ENT 650

Harvesting – Exit Strategy: Blog Week 6 – ENT 650

 

The exit strategy of my business for harvesting is through liquidation. Since my business is my own house, I would sell my house hopefully for more than I paid for it. The current housing market appears to be growing with the economy on the rise. My goal is to sell the house before the market starts to go down, so that way I can maximize my profit on the house. If I cannot sell the house during that time, I would try to either pay off the house or pay as much off as I can before selling in order to get the most back on the sale. Then I would be able to take the money from the sale to either buy another property for less than I would make on the current house in order to retain profit from liquidation or I would put the money into starting a completely different business. This way I can provide funding for   myself and not have to worry about investors or how to get backing if I want to start a different type of business.

In this situation the negotiations would be with the realtors and buyers. Everything would come to an end easily and I would walk away with the money made from selling the house for more than I bought it for. I would not have to worry about transferring control or clients or anything like that. Most of the minuses don’t apply to me because I would be making money on selling my property not on selling a business. Also I would not “lose” my client base because my client base would just be people that would rent from me, and I could find that again through buying a different house. The only minus is really having to pay realtor fees, costs of listing the house, and maintaining the properties.

In this situation the pluses way outweigh the minuses and this would be the best exit plan for my business and how to walk away with the most money. My personal goal would be to cash out and make as much profit as possible by listing the house way above what I bought for it. I will be making renovations and increasing the value of the house through that, so it will be worth more by the time I do go to sell it, as long as the market will allow it. According to my valuation report, “my company” is worth $200,000, I included my loan amount in the debt section of the equation which contributed to the value of my company.

The stakeholders that would be effected upon the sale of the house would be whoever my tenants are at the time. Ideally I would put the house up for sale at the end of their lease, to make the house vacant for remodeling or showing.  If I had to list the house while the house is still being occupied, I would allow them at least a one month notice before putting it on the market and give them time to find another place and move out. From research, I know the house would sell fast, while it was put on the market this time it sold within the first week and it wasn’t even advertised much. The other stakeholders I would have to notify would be the bank, realtor, lawyer, and possibly the HOA. I would get the house re-appraised by the bank before putting it on the market because I will be doing a lot of renovations to improve the value of the house which in turn will only improve the value of the community and be helpful for the community stakeholders.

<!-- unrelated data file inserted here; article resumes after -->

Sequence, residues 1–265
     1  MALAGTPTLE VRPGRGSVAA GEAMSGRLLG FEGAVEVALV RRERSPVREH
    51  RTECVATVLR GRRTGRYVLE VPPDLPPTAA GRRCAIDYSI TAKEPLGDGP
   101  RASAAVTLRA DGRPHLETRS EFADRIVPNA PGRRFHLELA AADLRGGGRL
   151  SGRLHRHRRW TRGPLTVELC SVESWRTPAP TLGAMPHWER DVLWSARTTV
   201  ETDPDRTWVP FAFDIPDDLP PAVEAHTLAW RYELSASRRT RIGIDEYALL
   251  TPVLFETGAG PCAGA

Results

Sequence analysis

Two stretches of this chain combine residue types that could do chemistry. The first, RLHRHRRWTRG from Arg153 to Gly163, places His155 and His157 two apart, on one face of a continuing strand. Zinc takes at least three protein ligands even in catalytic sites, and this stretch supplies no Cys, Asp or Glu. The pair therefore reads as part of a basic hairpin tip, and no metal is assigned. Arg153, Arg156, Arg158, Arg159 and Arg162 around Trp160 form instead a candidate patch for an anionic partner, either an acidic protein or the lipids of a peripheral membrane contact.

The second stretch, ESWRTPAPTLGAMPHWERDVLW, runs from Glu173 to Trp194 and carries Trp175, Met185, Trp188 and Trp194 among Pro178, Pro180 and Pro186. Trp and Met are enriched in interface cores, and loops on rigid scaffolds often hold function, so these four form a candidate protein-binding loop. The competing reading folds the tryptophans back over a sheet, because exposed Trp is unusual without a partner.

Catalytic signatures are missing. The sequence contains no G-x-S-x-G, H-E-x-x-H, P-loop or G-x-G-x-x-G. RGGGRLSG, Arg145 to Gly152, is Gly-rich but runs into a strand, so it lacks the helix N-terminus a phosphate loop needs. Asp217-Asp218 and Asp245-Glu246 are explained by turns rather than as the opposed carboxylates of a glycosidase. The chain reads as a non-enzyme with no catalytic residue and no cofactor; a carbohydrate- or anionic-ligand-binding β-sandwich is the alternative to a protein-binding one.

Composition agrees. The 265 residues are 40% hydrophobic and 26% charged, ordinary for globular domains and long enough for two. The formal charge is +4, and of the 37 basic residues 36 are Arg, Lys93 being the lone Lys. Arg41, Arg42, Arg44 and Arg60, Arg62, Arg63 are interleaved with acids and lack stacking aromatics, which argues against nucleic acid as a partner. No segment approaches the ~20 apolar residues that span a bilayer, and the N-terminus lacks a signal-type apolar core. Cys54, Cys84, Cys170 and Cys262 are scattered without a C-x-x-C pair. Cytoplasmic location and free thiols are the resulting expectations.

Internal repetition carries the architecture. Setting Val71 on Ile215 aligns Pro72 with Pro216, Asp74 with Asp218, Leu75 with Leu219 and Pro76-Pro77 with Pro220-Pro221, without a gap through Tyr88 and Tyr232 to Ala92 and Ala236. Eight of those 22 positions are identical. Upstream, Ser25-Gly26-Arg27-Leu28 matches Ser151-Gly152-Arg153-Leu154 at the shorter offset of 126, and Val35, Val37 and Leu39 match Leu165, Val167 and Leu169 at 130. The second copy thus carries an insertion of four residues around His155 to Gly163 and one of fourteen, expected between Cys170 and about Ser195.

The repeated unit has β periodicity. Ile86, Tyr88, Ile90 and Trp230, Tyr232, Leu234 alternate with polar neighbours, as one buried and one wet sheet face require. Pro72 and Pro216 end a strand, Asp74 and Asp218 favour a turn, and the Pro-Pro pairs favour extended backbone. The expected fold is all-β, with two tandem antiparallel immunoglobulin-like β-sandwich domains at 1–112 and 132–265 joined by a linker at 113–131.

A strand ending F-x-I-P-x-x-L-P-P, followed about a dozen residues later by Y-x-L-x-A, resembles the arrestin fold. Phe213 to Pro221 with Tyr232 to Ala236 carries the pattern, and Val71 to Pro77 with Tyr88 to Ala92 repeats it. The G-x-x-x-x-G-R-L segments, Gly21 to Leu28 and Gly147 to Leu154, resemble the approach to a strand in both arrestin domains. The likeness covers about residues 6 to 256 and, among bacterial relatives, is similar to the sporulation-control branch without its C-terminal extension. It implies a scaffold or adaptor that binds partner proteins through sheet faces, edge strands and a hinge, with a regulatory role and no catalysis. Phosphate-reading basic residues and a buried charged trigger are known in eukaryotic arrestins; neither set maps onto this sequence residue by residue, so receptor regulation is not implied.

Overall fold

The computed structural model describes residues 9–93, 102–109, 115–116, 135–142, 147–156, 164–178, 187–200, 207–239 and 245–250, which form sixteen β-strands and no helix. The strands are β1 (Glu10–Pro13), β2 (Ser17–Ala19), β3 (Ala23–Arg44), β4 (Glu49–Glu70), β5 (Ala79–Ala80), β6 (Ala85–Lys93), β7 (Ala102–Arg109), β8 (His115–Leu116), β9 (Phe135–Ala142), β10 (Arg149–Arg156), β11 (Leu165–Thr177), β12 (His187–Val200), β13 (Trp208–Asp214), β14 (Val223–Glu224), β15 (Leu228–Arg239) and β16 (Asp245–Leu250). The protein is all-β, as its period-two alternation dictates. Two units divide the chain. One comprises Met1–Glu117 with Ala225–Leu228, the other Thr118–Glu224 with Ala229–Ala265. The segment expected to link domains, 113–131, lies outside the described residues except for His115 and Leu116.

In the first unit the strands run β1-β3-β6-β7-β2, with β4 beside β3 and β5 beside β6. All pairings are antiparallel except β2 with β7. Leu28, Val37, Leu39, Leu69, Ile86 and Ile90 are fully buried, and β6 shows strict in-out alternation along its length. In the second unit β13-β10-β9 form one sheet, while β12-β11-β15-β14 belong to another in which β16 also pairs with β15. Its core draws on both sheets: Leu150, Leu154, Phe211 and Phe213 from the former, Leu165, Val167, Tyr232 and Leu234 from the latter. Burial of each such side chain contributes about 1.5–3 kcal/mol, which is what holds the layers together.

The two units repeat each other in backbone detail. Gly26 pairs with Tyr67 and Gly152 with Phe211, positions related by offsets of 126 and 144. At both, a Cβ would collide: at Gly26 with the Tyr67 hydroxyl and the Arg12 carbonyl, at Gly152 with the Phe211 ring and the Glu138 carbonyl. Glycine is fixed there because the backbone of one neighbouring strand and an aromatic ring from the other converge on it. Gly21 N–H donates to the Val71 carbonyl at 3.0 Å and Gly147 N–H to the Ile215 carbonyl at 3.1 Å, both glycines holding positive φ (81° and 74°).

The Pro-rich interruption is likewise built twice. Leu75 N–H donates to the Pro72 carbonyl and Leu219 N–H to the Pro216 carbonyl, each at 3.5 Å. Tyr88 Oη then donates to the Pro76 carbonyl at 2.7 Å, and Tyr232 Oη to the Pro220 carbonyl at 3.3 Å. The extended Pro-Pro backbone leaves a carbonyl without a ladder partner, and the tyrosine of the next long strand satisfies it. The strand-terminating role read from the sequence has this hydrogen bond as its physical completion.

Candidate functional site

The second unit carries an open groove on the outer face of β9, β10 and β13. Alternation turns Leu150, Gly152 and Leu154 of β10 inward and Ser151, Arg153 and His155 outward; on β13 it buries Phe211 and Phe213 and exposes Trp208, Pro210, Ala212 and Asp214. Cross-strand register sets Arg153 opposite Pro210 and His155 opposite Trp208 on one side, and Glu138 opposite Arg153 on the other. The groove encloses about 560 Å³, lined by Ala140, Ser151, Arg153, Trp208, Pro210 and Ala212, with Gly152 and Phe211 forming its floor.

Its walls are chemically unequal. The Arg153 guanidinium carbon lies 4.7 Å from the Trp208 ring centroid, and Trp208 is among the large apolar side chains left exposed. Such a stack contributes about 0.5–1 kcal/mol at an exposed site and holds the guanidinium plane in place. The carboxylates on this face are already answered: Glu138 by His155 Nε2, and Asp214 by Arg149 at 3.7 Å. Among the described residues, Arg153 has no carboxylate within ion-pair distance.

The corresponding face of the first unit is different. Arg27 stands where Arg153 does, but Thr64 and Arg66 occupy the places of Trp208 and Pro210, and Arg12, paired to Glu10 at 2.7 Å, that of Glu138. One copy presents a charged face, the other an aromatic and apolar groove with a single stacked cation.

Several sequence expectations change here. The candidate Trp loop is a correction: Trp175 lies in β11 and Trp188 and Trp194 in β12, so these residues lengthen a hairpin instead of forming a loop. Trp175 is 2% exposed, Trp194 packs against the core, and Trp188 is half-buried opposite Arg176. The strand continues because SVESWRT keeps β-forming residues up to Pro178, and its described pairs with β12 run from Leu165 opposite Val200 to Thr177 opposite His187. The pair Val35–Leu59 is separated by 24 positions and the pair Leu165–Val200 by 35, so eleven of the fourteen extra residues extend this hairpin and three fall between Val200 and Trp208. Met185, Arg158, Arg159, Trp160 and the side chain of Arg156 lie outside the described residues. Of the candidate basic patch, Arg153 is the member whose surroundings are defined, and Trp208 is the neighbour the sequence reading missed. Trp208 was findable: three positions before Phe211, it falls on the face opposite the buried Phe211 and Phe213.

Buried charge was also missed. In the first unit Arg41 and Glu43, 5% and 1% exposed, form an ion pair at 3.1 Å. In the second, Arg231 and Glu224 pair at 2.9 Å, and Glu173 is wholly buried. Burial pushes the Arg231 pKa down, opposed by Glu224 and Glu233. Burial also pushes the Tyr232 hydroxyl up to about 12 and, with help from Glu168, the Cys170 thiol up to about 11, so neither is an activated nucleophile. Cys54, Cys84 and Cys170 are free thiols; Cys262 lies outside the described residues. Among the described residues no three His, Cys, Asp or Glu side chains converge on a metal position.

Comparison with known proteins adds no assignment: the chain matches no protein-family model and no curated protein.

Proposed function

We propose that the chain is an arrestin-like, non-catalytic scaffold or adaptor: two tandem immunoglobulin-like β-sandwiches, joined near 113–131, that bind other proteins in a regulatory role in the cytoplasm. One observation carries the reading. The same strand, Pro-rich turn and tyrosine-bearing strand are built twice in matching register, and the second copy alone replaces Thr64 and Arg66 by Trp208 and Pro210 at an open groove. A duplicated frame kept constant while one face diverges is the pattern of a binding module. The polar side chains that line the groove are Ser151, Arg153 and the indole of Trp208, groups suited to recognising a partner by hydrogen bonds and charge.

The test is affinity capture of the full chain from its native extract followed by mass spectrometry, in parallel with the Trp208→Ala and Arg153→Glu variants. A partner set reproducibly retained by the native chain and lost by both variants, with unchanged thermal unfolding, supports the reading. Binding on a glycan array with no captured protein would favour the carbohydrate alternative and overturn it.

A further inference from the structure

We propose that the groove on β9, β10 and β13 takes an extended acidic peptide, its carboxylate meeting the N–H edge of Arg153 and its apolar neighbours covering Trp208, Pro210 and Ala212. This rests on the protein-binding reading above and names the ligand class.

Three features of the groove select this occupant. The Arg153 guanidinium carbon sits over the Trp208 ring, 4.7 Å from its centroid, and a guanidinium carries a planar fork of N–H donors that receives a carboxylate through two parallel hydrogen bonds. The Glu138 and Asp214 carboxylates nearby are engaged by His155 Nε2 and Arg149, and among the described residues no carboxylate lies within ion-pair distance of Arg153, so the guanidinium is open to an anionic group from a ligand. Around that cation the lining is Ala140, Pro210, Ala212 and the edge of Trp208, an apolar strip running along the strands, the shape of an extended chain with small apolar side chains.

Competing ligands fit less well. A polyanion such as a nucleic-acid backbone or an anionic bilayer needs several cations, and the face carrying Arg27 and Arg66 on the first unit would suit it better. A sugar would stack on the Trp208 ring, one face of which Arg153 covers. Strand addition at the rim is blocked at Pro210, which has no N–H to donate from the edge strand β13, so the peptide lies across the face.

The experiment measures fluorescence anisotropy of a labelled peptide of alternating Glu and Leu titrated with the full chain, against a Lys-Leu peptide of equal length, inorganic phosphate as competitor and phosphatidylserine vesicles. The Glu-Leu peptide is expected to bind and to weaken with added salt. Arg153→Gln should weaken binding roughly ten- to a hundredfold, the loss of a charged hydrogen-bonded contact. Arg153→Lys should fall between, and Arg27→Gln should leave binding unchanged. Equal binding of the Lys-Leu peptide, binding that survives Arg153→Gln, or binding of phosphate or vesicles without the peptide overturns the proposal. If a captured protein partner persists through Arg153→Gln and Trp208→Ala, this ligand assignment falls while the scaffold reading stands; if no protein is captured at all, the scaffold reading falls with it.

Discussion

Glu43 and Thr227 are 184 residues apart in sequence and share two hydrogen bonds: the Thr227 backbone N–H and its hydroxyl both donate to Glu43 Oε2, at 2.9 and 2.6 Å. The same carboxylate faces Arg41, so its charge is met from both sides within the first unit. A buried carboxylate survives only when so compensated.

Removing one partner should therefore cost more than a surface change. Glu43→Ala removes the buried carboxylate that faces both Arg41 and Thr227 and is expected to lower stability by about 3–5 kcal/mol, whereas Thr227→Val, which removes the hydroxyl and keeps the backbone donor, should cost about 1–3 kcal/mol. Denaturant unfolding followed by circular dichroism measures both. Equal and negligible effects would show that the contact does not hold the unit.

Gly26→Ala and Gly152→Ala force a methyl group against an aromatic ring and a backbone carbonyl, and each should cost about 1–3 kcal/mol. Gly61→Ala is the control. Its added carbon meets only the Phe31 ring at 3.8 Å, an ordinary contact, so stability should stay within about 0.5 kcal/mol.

My pro-forma financials for three years shows that my income will stay consistent and that all the rooms will stay rented out for those three years helping me to have an income/profit that is consistent which will help pay for bills, renovations, and most importantly go towards paying off the debt of my loan on the house. I don’t think any of the rooms will be vacant and if they are it won’t be for long. The house is in a prime location to attract renters in this area. My competitive advantage is that it is a house, not an apartment, in a quiet neighborhood away from a local college, but close enough that it is easy to get to campus. This is the perfect location for graduate or doctoral students who don’t want to be amongst the undergraduate students. It is also perfect for staff members or faculty members that have just moved here and don’t know exactly where they want to live yet, so they can rent for a year or six months while they look around and get used to the area. My rates are priced a little less than the surrounding places to rent around in the area. I feel my rates are fair and they won’t find a better value around here. Prime location combined with great price and in between campus and town for easy access to everything makes this a great place to rent.

For the people who end up buying this house when I sell it, I don’t know if they will use it as a rental property as I have, or if they would rather use it as their personal family home. Even though I will be turning the downstairs into a separate apartment, future owners could turn that into a mother-in-law suite or for an older child that wants to have their own space, apartment. Or they could even rent out the downstairs while living in the upstairs. There are many options for future homeowners to use the downstairs one bedroom apartment. I think it will even end up being a selling point. I have created a timetable to show when each thing would happen in the month leading up to selling the house.

Timetable:

Weeks Sunday Monday Tuesday Wednesday Thursday Friday Saturday
Week 1 Tell renters about putting the house up for sale in one month. Talk to bank and get appraiser to get the value of the house. Talk to HOA about putting the house on the market.
Week 2
Week 3 Appraiser comes out to value the house. Tenants move out. Talk to lawyer and relator about putting the house on the market.
Week 4
Week 5 Put the house on the market. Offer made – deal with realtors and banks for offers and counter offers.

 

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